Vardkar apologizes for lack of judgment
Deputy Prime Minister (Tánaiste) Leo Varadkar apologizes in Parliament for showing a confidential agreement between the government and the Irish Medical Organization to a friend who worked for a rival company in April 2019, when he was prime minister. He admits that he broke his judgment. The apology comes after an article in the magazine Village where questions are asked about whether this is a crime. Varadkar says that he personally had nothing to gain from this, but just wanted to make sure he reached the best possible deal for the country’s general practitioner.
Ireland shuts down again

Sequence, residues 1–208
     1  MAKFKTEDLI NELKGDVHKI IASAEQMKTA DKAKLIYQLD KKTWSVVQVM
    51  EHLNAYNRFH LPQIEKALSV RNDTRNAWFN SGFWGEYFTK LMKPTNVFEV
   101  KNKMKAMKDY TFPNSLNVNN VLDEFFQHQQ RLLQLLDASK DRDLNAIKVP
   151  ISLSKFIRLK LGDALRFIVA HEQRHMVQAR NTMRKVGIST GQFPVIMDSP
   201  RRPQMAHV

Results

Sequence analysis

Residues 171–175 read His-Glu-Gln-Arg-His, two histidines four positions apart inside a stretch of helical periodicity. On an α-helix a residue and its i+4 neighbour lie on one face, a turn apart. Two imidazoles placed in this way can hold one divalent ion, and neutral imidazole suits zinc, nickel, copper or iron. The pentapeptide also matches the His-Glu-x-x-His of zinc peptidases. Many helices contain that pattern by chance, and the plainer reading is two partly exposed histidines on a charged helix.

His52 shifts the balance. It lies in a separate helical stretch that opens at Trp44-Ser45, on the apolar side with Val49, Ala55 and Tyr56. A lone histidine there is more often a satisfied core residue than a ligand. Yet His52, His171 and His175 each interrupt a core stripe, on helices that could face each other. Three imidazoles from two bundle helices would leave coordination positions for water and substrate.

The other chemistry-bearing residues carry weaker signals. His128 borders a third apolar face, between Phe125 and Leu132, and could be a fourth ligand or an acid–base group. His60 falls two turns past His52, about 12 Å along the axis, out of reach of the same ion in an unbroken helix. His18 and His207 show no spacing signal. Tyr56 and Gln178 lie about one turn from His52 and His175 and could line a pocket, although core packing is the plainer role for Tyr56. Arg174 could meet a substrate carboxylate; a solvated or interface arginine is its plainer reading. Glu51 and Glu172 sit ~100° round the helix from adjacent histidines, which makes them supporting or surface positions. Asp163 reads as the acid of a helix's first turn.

The Irish government has decided to shut down the country again for six weeks, which means that from 21 October it will move to the highest level in the action plan presented in September and follow the advice of the National Public Health Team. Emergency Team, NPHET) advocated earlier in October. The restrictions that are being introduced are largely the same as those that applied during the spring closure, with one important exception: schools and pre-schools must now be kept open (see March 2020). For example, residents are only allowed to walk a maximum of five kilometers from their homes, and can only spend time outdoors with people from another household. Anyone who violates this can be fined. Restaurants and pubs may offer takeaway food, and hotels and guest houses can receive guests if they have tasks that are considered vital. Worship services and other religious ceremonies may be held online. Weddings with 25 guests are allowed and ten mourners may attend funerals. Anyone who breaks the rules will be fined up to 500 euros. Legislation for this has not yet been adopted, so for the time being other penalties apply: anyone who violates the travel restrictions can be sentenced to a fine of 2,500 euros or imprisonment for up to six months. Mary Lou McDonald, who leads the main opposition party Sinn Féin, says she is behind the measures,